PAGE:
Archive for the ‘Heat Illness’ Category

Heat Illness: A Potential Bounce House Risk

Is it too early to jump to conclusions?

We’ve all heard tragic stories of kids and pets left unattended in vehicles in hot weather. Some parents and pet owners have simply been distracted for a few moments and suffered the greatest of losses.

One parent, a researcher at the University of Georgia, wondered if bounce houses might pose a similar risk for children. Marshall Shepherd is a professor of geography and atmospheric sciences who saw his own child bouncing in one on a hot day and decided to test his theory. The results of his study, “Do Inflatable Bounce Houses Pose Heat-related Hazards to Children?” was published in the Bulletin of the American Meteorological Society.

Children are more vulnerable to heat exhaustion and other heat illnesses, according to Shepherd’s co-author Andrew Grundstein, also of UGA. Children need to be monitored closely when participating in sports and other physical activities in hot, humid weather. It’s possible they could become overheated in the greenhouse-like environment of a bounce house.

Indicators of potential heat illness can include dizziness, nausea, fatigue, and skin that is moist and flushed.

How hot is hot?

The study’s experiments were conducted on a bounce house on the UGA campus in typical summer weather conditions for Athens, Georgia. Measurements over a five-hour timespan showed that the the bounce house air temperatures were consistently greater than the ambient temperatures. On a 92°F day, the temperature in the inflatable was nearly four degrees higher. When outdoor temperatures exceeded 100° F, the temperatures in the bounce house were almost seven degrees higher.

The heat index, where relative humidity is factored into the actual air temperature to determine how hot it actually feels, was also taken into consideration in the study. The difference in the heat index inside the inflatable was considerably greater than that of the air temperatures. The bounce house’s average heat index reached nearly 104°F, or more than seven degrees than outside, while difference at the peak temperature of 117°F was more eight degrees.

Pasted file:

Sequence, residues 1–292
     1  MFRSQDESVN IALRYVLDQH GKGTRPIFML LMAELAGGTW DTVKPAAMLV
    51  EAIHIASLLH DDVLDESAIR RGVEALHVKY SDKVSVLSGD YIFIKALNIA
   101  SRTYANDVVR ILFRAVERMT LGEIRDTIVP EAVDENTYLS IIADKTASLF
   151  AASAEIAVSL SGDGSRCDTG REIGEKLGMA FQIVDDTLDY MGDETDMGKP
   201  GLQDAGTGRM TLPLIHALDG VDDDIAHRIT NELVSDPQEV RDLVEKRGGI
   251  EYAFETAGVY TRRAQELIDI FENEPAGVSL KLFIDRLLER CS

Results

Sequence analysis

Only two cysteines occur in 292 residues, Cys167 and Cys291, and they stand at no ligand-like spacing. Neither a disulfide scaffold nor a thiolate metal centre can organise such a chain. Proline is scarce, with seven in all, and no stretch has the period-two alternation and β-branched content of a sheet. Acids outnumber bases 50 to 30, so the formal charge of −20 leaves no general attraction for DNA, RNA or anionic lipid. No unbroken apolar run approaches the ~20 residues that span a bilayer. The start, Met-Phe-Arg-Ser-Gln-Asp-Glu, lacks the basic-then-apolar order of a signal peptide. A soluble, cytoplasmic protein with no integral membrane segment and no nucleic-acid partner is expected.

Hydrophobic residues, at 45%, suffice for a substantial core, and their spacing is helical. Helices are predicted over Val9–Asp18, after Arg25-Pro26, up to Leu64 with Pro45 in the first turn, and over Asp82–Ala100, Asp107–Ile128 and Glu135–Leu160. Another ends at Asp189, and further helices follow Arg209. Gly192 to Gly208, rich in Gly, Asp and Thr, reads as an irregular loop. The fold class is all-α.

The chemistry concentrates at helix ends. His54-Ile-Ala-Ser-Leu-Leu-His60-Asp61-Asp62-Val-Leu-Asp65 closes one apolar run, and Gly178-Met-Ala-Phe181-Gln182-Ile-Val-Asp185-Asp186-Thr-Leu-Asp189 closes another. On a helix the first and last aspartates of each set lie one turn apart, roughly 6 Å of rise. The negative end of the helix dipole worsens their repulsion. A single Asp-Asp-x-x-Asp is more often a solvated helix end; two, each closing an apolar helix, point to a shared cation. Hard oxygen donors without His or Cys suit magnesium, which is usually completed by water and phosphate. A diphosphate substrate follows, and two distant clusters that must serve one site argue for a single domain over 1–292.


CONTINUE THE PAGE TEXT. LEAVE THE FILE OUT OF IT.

The risk to sports organizations

Some sports organizations bring in bounce houses as fundraisers. General Liability policies for sports organizations often have an exclusion for inflatables due to the risks of injury involved. Recent media accounts have cited examples of serious injuries occurring when improperly anchored inflatables have been lifted high into the air during wind gusts. Inflatable or bounce house operators should always provide proof of General Liability insurance with an each occurrence limit of at least $1 million and name the sports organization as an additional insured.


Source: “Researchers Say Bounce Houses Raise Heat Safety Concern,” www.insurancejournal.com. 10 Aug. 2016.

Treating Heat Stress in Athletes

Delay could be fatal

During preseason football practice, numerous athletes fall victim to heat exhaustion and heat stroke, and some will even die. Most cases can be prevented through coach, parent, and player education and by following established guidelines.

These guidelines include preseason physicals or medical clearance, proper hydration, heat acclimatization, equipment modification, activity modification, postponement/cancellation based upon wet bulb temperature index, and recognition/treatment. I was recently reading one of my favorite sports risk management publications, From Gym to Jury, and came across an excellent article that you can read by clicking on the link below.

Source: Frederick Mueller, “Heat Stress and Athletic Participation, From Gym to Jury, Vol. 24, No 2.

Football Player’s Heat-Related Death

Could it have been prevented?

While the  death of 15-year-old, Max Gilpin in August 2008 was tragic, it could have likely been prevented. This particular case left many experts in the sports arena scratching their heads.  The experts at “From The Gym To The Jury” commented on this case in their latest edition stating, “In 19 years of reporting court cases involving injury or death at early season practices, this may be the first to result in criminal charges.” The coach, David Stinson, pleaded not guilty in the player’s death.

The most important thing to focus on here is PREVENTION. If you are remotely involved with a youth sports league, each of the coaches, assistant coaches, and volunteer staff need to be made aware of the information that we provide in Heat Illness: Avoidance and Prevention. By following these guidelines, you are helping to protect your athletes from heat illness and your coaches, assistant coaches, volunteers and league officials from being the target in a big-dollar lawsuit.